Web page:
Coronavirus Could Continue for 9 Months, Avoid 'Cabin Fever,' New York Governor Andrew Cuomo Says

New York Governor Andrew Cuomo announced Sunday that the majority of deaths as a result of coronavirus are among people over age 70. He also eased concerns over the state having 15 times the amount of positive COVID-19 cases by noting New York is testing an exponentially higher number of people than anywhere else.

Cuomo's latest press conference in Albany saw him reiterate his order that all state residents must stop going to work and stay in their homes unless their job is labeled 'essential' or they are seeking groceries, medicine or gasoline. The governor said the "drastic action" comes as more than 15,168 total coronavirus cases have been confirmed statewide, with 4,812 of them coming in the past 24 hours. New York, which has about 14,000 more positive cases than any other state, has also tested 61,000 people-- 15,000 recently. He cautioned residents to avoid "cabin fever" as the country may be battling the coronavirus spread for "four months, six months, nine months," adding that there is no way to know right now.

Cuomo reiterated his frequent calls for compassion among New Yorkers and said of the seemingly frightening data: "When you increase the number of tests, you're going to increase the number of people who test positive."

Cuomo said local New York City officials have 24 hours to send him a plan to solve its "density" problem, particularly in how people maintain social distance in parks. "You want to go for a walk? God bless you. You want to go for a run? God bless you," the governor said, urging city officials to "get creative" and potentially open city streets to walkers and joggers--who should maintain six feet of distance from each other.

State government data on death rates showed that 70 percent of those who have died in New York as a result of coronavirus were 70 years old and older, with the majority of the deceased having underlying health conditions. Eighty percent of deaths among people under the age of 70 had underlying health conditions.

Cuomo stressed that hospitals must double the number of beds currently available across the state, saying only 53,000 beds are now open--but the curve suggests a need for 110,000 statewide in the coming weeks. The governor said the state's coronavirus hospitalization rate is 13 percent, with 1,974 out of 15,168 positive cases being sent to health care facilities. He said he approved hospitals to be constructed by the Army Corps of Engineers and FEMA as soon as "tomorrow" in the Javits Center, SUNY Stony Brook, SUNY Old Westbury and the Westchester Convention Center.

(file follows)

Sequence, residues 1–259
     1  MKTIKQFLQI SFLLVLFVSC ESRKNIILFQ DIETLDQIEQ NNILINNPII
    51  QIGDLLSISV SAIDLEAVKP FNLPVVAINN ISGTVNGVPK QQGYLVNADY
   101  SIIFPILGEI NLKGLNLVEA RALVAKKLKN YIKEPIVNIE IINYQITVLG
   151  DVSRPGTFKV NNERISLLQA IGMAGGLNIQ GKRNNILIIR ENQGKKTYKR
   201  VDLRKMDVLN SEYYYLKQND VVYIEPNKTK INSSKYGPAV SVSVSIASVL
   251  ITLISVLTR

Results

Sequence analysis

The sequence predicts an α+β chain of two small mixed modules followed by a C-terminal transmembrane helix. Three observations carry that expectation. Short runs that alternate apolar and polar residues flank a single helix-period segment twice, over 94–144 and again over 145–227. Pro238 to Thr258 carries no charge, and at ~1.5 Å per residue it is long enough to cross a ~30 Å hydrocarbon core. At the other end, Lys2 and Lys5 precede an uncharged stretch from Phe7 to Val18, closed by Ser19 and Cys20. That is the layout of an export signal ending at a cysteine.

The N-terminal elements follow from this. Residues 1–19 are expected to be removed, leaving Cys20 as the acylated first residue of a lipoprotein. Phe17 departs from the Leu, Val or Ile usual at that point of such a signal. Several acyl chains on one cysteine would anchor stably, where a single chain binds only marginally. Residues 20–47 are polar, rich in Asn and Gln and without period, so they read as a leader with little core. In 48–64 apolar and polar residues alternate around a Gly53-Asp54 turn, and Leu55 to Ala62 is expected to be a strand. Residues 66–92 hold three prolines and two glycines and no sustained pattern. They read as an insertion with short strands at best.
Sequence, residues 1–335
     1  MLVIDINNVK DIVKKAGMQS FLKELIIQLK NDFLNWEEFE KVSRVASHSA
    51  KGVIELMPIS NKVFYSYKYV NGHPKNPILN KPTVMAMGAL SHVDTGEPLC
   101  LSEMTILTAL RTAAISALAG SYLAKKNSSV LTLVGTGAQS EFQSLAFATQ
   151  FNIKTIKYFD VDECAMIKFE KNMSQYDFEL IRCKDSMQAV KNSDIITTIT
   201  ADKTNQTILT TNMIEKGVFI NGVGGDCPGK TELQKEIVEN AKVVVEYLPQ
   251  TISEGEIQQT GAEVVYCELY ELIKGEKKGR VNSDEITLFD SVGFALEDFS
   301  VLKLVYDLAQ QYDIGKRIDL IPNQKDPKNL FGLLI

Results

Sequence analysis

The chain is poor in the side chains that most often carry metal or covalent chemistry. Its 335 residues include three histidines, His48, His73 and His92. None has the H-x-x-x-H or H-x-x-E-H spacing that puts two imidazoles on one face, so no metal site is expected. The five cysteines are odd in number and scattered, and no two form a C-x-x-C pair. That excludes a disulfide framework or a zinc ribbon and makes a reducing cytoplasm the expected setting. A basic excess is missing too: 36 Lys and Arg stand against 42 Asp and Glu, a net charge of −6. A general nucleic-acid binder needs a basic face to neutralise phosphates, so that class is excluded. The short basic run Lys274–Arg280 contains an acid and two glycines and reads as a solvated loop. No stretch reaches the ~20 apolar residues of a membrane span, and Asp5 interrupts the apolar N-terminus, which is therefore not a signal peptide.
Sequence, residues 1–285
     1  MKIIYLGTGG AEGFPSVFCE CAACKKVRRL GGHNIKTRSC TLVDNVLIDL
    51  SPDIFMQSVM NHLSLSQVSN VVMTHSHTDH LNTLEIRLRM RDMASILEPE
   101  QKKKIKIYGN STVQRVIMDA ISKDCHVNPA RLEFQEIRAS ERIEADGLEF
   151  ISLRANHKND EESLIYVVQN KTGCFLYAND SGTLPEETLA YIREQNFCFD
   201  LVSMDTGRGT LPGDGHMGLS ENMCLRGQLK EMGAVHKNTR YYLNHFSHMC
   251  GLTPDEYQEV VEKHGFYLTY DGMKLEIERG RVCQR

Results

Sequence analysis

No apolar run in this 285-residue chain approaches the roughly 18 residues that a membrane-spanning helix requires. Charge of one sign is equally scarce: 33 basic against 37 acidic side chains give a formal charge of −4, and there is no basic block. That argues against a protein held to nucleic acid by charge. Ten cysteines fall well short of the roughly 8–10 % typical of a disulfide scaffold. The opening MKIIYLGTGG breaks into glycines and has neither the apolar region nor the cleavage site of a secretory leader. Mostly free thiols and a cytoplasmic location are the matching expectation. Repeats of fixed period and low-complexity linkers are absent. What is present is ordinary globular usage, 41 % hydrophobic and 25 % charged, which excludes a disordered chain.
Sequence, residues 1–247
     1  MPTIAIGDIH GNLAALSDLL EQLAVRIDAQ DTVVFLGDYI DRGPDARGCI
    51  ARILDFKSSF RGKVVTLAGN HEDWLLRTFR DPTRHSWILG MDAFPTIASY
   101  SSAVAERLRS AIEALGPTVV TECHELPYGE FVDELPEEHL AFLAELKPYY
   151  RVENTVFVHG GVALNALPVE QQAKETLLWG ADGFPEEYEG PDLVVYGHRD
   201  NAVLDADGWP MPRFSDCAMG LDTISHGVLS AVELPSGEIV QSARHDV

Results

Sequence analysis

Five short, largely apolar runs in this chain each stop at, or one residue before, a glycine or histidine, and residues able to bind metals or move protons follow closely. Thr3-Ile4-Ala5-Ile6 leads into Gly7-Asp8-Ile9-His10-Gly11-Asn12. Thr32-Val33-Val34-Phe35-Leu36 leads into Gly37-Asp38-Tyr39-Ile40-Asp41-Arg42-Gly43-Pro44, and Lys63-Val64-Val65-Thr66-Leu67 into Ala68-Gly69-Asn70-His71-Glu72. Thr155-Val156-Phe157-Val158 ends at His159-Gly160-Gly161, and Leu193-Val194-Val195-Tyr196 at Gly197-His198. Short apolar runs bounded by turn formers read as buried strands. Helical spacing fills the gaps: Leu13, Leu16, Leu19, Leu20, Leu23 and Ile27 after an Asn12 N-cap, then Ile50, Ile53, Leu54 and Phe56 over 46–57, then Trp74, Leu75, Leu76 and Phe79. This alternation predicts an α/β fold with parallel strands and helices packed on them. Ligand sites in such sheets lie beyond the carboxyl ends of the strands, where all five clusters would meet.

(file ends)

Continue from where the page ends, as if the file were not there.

"Hospitals must give us a plan to increase capacity by at least 50 percent," he said, adding that the state is waiving occupancy regulations in order to accomplish that goal.

More than 26,000 New York City residents have been tested for coronavirus, with nearly 7,000 being tested Saturday. Westchester County has tested more than 10,600 people, with 2,011 of those people being tested Saturday as well.

New York's testing of more than 60,000 people is at least part of the reason the state has more than 15,000 cases compared to the next highest, Washington State, which has 1,647 confirmed cases, and California with 1,518 confirmed and New Jersey with 1,336 positive cases.

He urged residents to settle in to their quarantine situations and avoid "cabin fever" pitfalls by preparing in advance - regardless of whether they are in a crowded space or a solitary space. "You can be isolated physically, but you don't want to be isolated emotionally ... if you're not alone and you're in the house with the family and the kids, that's a different set of emotional complexities."

"I live alone. I'm even getting annoyed with the dog living in one place. It's going to go on for a period of time. This is not a short-term situation. This is not a long weekend. This is not a week. The timeline, nobody can tell you, it depends on how we handle it, but between 40 and 80 percent of the population will wind up getting this virus," the governor said.

"It's going to be hard, there is no doubt, I'm not minimizing it and I don't think you should either. But, at the same time, it is going to be okay. We don't want to overreact either. There is not going to be chaos, there is not going to be anarchy. Order and function are going to be maintained. Life is going to go on."

He urged New Yorkers to avoid chaotic behavior like hoarding at grocery stores, noting that they alongside transportation and all other essential services will be maintained. "The toilet paper is going to be there tomorrow," he quipped.

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New York Governor Andrew Cuomo relayed the latest coronavirus statistics and told state residents to avoid "cabin fever." Screenshot: NY State | Twitter Livestream